Head of Pancreas Tumor
A 55-year-old woman was admitted to a hospital in April 2012 with a head pancreas tumour. Her tumour was identified on a triphasic CT scan and ultrasound. At laparotomy, the tumour was deemed inoperable. A was performed. A pathology report revealed that the tumour was a World Health Organization grade 1 neuroendocrine tumour. An F-FDG PET-CT scan also revealed active metabolism.
EUS-FNA diagnosis of the head of the pancreas tumour
EUS-FNA is a noninvasive imaging procedure that can guide pancreatic biopsy. Its high sensitivity and specificity make it an excellent imaging technique for pancreatic malignancies. It has also been used to enhance diagnostic yield for pancreatic lesions and to guide the locoregional staging of pancreatic cancer.
EUS-FNA was highly specific and sensitive, and the results were accurate in 85 of 100 patients (85.0%). Its positive predictive value was high, and the negative predictive value was high. Five of the eight patients whose EUS-FNA did not detect a tumour had a negative result despite further diagnostic procedures.
Signs and symptoms of pancreatic cancer
The early detection of pancreatic cancer is vital to your overall health and quality of life. The earlier you can receive treatment, the better your chance of recovery. Your healthcare provider can perform imaging tests to look for signs of pancreatic cancer. One such test is endoscopic ultrasound. The procedure involves inserting a thin tube with a camera into the abdomen. This allows your doctor to view your pancreas and guide a biopsy.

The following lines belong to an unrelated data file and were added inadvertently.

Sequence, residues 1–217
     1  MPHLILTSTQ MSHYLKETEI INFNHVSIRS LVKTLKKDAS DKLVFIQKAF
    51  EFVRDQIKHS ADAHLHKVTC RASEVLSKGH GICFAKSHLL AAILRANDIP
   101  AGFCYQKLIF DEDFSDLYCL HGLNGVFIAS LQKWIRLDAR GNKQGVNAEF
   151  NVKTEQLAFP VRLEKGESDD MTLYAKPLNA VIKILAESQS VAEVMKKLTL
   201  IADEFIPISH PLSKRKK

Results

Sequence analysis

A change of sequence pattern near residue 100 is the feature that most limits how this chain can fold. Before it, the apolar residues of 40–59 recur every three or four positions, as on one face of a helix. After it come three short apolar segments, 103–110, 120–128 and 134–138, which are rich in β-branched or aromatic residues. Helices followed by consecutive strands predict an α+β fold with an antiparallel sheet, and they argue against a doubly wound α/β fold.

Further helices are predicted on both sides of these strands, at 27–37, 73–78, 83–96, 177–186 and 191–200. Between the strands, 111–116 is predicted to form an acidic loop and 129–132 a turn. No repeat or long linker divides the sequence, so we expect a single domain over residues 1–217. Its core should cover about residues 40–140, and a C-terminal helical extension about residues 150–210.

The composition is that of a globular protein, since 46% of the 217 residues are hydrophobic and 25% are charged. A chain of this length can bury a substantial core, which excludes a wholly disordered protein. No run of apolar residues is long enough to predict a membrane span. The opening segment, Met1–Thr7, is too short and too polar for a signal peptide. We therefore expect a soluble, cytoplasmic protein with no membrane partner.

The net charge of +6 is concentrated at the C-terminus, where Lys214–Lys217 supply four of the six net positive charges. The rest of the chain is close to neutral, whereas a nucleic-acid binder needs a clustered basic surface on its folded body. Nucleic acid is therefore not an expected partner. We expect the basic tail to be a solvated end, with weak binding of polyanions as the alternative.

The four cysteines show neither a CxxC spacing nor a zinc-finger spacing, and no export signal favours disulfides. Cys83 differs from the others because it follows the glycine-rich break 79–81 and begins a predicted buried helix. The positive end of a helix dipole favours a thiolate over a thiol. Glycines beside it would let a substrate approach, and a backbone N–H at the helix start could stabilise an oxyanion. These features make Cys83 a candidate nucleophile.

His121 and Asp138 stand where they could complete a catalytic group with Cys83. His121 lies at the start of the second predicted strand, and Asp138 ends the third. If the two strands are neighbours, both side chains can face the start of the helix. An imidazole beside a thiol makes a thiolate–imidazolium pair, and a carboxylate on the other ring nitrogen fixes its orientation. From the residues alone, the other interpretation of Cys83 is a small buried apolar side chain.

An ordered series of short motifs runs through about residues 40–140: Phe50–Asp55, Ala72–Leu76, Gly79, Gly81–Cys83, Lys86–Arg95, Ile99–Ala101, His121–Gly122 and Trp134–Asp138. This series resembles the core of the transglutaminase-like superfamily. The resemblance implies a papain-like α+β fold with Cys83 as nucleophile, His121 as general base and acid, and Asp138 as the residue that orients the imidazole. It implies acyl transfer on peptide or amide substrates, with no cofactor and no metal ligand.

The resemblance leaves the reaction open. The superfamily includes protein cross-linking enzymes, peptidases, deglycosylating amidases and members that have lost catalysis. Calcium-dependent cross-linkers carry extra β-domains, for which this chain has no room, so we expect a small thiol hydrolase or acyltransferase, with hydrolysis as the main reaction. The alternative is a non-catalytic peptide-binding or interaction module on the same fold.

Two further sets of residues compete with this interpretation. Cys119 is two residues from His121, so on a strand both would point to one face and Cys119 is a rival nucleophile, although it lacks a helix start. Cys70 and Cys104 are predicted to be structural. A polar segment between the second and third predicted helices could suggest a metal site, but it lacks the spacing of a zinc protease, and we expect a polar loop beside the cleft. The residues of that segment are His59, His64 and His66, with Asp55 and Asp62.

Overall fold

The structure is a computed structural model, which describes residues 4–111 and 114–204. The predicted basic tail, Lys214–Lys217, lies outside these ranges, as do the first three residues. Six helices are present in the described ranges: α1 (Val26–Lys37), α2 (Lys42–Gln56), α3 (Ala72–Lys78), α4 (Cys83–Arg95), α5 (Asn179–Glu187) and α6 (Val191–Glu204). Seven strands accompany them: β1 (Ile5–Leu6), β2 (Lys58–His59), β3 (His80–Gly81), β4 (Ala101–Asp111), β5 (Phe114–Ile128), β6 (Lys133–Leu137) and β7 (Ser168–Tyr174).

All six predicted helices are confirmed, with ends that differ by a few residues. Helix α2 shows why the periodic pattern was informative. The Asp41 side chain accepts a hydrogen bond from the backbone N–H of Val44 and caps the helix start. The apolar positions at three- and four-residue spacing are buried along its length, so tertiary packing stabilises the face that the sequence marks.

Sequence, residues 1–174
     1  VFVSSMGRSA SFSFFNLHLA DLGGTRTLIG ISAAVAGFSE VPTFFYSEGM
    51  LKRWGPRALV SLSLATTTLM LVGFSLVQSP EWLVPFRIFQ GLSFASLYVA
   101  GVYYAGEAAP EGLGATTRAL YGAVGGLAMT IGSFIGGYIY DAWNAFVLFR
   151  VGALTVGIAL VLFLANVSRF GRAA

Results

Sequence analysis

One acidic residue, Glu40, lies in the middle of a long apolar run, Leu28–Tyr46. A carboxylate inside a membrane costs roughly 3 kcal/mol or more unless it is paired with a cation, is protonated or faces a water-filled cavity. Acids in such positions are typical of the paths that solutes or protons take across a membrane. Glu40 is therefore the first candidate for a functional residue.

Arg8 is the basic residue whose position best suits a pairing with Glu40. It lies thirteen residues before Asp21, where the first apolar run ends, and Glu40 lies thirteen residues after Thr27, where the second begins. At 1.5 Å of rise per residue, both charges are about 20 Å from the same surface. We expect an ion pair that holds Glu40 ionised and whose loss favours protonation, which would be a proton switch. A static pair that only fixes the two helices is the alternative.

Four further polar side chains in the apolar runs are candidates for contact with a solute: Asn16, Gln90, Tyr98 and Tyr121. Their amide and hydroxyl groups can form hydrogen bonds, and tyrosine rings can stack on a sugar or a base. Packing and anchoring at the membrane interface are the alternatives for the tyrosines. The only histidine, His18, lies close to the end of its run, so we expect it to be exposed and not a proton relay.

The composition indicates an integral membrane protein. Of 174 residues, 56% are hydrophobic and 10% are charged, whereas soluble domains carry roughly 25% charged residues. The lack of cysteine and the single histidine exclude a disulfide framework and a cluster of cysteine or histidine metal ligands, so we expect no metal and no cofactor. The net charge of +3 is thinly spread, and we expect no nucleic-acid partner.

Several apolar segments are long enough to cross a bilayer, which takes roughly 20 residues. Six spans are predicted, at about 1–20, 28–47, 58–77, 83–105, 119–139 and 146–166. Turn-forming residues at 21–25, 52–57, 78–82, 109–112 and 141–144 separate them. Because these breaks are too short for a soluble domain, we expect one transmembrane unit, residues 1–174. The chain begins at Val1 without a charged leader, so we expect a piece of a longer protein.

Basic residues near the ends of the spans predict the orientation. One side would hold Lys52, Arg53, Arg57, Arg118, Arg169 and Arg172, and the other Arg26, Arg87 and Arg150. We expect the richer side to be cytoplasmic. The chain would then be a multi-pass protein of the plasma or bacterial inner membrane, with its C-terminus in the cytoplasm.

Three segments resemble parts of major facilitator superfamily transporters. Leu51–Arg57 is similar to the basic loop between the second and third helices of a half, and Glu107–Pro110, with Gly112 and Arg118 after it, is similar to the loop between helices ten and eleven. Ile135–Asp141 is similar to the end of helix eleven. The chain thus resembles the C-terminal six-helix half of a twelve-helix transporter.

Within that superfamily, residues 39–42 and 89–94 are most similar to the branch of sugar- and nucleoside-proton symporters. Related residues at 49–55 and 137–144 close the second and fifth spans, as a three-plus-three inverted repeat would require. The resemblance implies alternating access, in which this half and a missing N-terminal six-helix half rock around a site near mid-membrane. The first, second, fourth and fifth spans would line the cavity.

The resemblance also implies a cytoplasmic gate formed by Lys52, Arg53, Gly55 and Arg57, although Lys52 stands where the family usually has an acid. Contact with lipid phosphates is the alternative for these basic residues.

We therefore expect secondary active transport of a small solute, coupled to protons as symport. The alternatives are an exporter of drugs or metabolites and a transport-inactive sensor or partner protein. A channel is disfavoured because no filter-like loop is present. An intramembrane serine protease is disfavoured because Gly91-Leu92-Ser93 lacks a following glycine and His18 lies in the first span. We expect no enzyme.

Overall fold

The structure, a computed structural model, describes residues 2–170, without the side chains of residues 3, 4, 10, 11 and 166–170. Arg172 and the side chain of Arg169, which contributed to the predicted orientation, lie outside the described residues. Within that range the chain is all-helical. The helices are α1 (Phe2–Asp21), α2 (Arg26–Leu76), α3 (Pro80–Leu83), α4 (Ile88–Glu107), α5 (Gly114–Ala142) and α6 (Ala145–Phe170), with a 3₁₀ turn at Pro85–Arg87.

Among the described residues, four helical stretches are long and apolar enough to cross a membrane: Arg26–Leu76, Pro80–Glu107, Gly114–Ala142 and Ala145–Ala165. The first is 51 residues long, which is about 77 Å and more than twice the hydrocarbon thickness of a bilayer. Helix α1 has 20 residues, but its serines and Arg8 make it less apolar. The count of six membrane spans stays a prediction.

The most common early sign of pancreatic cancer is the sudden onset of diabetes in an otherwise healthy person. If you have recently been diagnosed with type 2 diabetes and are taking a new medication for this condition, this could be a sign of a pancreatic tumour. Another common sign is increased bile in your urine. If your stools are light in colour, you may have a blockage in the bile duct. A large tumour in the head of the pancreas usually presents with more severe symptoms.
Surgical treatment of the head of the pancreas is one option for pancreatic cancer. The tumour is removed, and nearby structures, including the bile duct, gallbladder, and lymph nodes near the pancreas, are also removed. The remaining organs are then reattached to the small intestine, which allows food to pass through the digestive tract.
The pancreas head is the round part of the organ, located near the bile ducts and small intestine. It is also close to the major blood vessels, including the portal vein and the hepatic artery. Surgical treatment of the head of the pancreas tumour is sometimes required if the tumour has metastasized to nearby blood vessels.
Although the mortality rate associated with the head of pancreas tumours is low, a significant survival benefit is found in patients diagnosed with stages I and II. In contrast, a higher mortality rate occurs in patients diagnosed with stage III tumours, which are usually locally advanced and unresectable. Fortunately, treatments are available for stage III pancreatic tumours, and many patients have a good prognosis.
Pancreatic cancer is the fourth most common cause of cancer death among adult males and women. In the United States, it accounts for 3% of all cancers. Despite this, the survival rate for the localized, resectable disease is 17%. Risk factors for pancreatic cancer include smoking and specific familial cancer syndromes, although the relationship between these factors and prognosis is unclear. The most common symptoms of pancreatic cancer include epigastric or back pain. In addition, more than half of patients develop distant metastases.